Is Google Ready to Browse?

 
 
By Matthew Hicks  |  Posted 2004-09-23 Email Print this article Print
 
 
 
 
 
 
 

New hires, a domain-name registration and Mozilla bugs lead to speculation that Google is preparing a Web browser, but the clues could point in many directions.

First, there was Gmail. Is the Gbrowser next? A Google Web browser is the latest in the never-ending speculation about what search leader Google Inc. is going to do next after raising $1.7 billion from its public offering. The evidence: a spate of high-profile hires, Googles domain-name registration of the gbrowser.com name and a duo of Mozilla Foundation bug reports that name Google.
Following a New York Post story over the weekend about Googles potential jump into the browser wars, Weblogs and a series of media reports this week jumped into the fray.
The speculation about a Google browser dates back even further to July 2003, when bloggers first began posting theories that included a Mozilla-Google marriage. While all of the signs appear to be compelling signals of an impending Google browser, each also could be explained as an indication of other moves. Search-engine experts and analysts differ on whether to take the browser speculation seriously, though they agree that Googles true post-IPO intentions remain as unclear as ever.
"Even a powerful brand like Google, if they come out with a browser, it would have to have some significant value to it, or an application to it to get people to move," said Allen Weiner, a research director at Gartner Inc. "Its hard to imagine what that would be." Weiner said he doubts that the Google browser rumors are more than a trial balloon through which Google can gauge reaction. If anything, Google might provide a branded version of an existing browser, such as Mozillas open-source Firefox browser, he said. A spokesman for Mountain View, Calif.-based Google declined to address the speculation and said the company has "not announced any plans in this area." Mozilla spokesman Bart Decrem also would not comment directly on the speculation. "We talk to a broad range of companies about a broad range of topics, and Ill have to leave it at that," he said. What is clear is that Google has snagged major developers and engineers from such technology vendors as BEA Systems Inc., Microsoft Corp. and Sun Microsystems Inc. Adam Bosworth in July left his position as chief architect and senior vice president at BEA to join Google. Bosworth is considered one of the top experts in Web services and, in previous roles, was part of the early development of Microsofts Internet Explorer. Click here to read an interview with Bosworth. Other recent Google newcomers include Joe Beda, who left Microsoft earlier this month as a lead developer on Longhorns "Avalon" presentation subsystem, and Joshua Bloch, who had been a distinguished engineer for Java at Sun. While many of Googles new hires have strong backgrounds in browsers and Web development, they are also just as knowledgeable in areas such as Web services and application development. Googles official reason for the new hires: "Were always looking for the greatest and brightest minds to join us." Google in April also registered gbrowser.com, according to the Whois database record. But companies regularly buy domain names to defend against poachers, and an application named gBrowser already exists. It is a Mac OS X-based browser and organizer for digital images. Meanwhile, Google is mentioned in at least two different reports on Mozillas Bugzilla system. None, though, points definitively to work between the two organizations on a Google browser. One, which is dated July 2003, when Google browser rumors first surfaced on a series of blogs, was made private this week. Another, dated earlier this month, deals with tabbed browser issues and was assigned to a Google engineer. Decrem cautioned against reading much into the bug reports, noting that it is not unusual for a Bugzilla report to name another company or to be assigned to someone working for a technology vendor. Next Page: The browser as the gateway to the Web.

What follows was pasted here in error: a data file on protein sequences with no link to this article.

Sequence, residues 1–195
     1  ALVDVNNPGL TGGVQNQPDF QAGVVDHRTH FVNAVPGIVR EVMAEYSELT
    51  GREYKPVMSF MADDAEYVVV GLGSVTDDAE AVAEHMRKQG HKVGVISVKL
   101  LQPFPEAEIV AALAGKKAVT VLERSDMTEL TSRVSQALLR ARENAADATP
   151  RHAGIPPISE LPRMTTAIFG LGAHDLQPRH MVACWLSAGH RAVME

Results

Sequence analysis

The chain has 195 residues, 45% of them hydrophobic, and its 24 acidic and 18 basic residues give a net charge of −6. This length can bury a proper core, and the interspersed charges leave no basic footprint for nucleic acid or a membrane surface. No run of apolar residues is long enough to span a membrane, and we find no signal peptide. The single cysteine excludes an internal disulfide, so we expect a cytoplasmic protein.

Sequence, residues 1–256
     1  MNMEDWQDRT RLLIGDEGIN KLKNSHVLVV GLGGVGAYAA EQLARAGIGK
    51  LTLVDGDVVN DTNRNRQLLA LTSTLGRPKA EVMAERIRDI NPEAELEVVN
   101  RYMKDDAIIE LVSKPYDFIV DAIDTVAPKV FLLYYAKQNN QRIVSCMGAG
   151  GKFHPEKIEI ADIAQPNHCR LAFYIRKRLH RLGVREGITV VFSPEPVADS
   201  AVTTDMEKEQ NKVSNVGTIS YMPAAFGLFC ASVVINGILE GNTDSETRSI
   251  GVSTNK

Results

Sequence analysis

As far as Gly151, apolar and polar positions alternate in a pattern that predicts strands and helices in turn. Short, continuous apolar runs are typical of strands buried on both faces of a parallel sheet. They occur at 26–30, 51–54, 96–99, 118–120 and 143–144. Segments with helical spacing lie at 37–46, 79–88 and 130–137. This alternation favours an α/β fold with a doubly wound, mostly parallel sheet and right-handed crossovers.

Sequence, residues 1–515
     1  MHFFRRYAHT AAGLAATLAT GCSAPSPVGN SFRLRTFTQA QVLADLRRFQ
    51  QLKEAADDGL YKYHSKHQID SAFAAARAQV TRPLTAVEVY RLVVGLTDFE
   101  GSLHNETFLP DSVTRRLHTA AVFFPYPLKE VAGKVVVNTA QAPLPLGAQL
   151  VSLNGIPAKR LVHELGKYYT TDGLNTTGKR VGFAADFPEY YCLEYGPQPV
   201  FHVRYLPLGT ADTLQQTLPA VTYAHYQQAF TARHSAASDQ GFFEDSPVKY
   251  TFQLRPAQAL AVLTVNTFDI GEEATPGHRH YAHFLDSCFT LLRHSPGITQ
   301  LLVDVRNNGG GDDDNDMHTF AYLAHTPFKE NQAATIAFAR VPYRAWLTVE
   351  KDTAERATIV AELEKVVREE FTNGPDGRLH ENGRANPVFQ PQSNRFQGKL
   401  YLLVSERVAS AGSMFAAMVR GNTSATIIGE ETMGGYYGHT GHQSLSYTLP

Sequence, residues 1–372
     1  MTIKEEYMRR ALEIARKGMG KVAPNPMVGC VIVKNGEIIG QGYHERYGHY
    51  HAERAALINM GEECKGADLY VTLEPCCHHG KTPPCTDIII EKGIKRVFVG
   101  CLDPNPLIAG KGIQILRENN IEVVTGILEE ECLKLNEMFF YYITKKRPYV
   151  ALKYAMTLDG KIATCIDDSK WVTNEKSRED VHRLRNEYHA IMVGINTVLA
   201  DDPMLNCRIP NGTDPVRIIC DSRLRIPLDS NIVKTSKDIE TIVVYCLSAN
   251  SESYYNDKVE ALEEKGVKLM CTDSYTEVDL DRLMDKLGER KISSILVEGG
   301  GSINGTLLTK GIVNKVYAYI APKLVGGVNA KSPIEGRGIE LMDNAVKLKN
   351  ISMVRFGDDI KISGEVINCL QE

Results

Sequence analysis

Matthew Hicks As an online reporter for eWEEK.com, Matt Hicks covers the fast-changing developments in Internet technologies. His coverage includes the growing field of Web conferencing software and services. With eight years as a business and technology journalist, Matt has gained insight into the market strategies of IT vendors as well as the needs of enterprise IT managers. He joined Ziff Davis in 1999 as a staff writer for the former Strategies section of eWEEK, where he wrote in-depth features about corporate strategies for e-business and enterprise software. In 2002, he moved to the News department at the magazine as a senior writer specializing in coverage of database software and enterprise networking. Later that year Matt started a yearlong fellowship in Washington, DC, after being awarded an American Political Science Association Congressional Fellowship for Journalist. As a fellow, he spent nine months working on policy issues, including technology policy, in for a Member of the U.S. House of Representatives. He rejoined Ziff Davis in August 2003 as a reporter dedicated to online coverage for eWEEK.com. Along with Web conferencing, he follows search engines, Web browsers, speech technology and the Internet domain-naming system.
 
 
 
 
 
 
 

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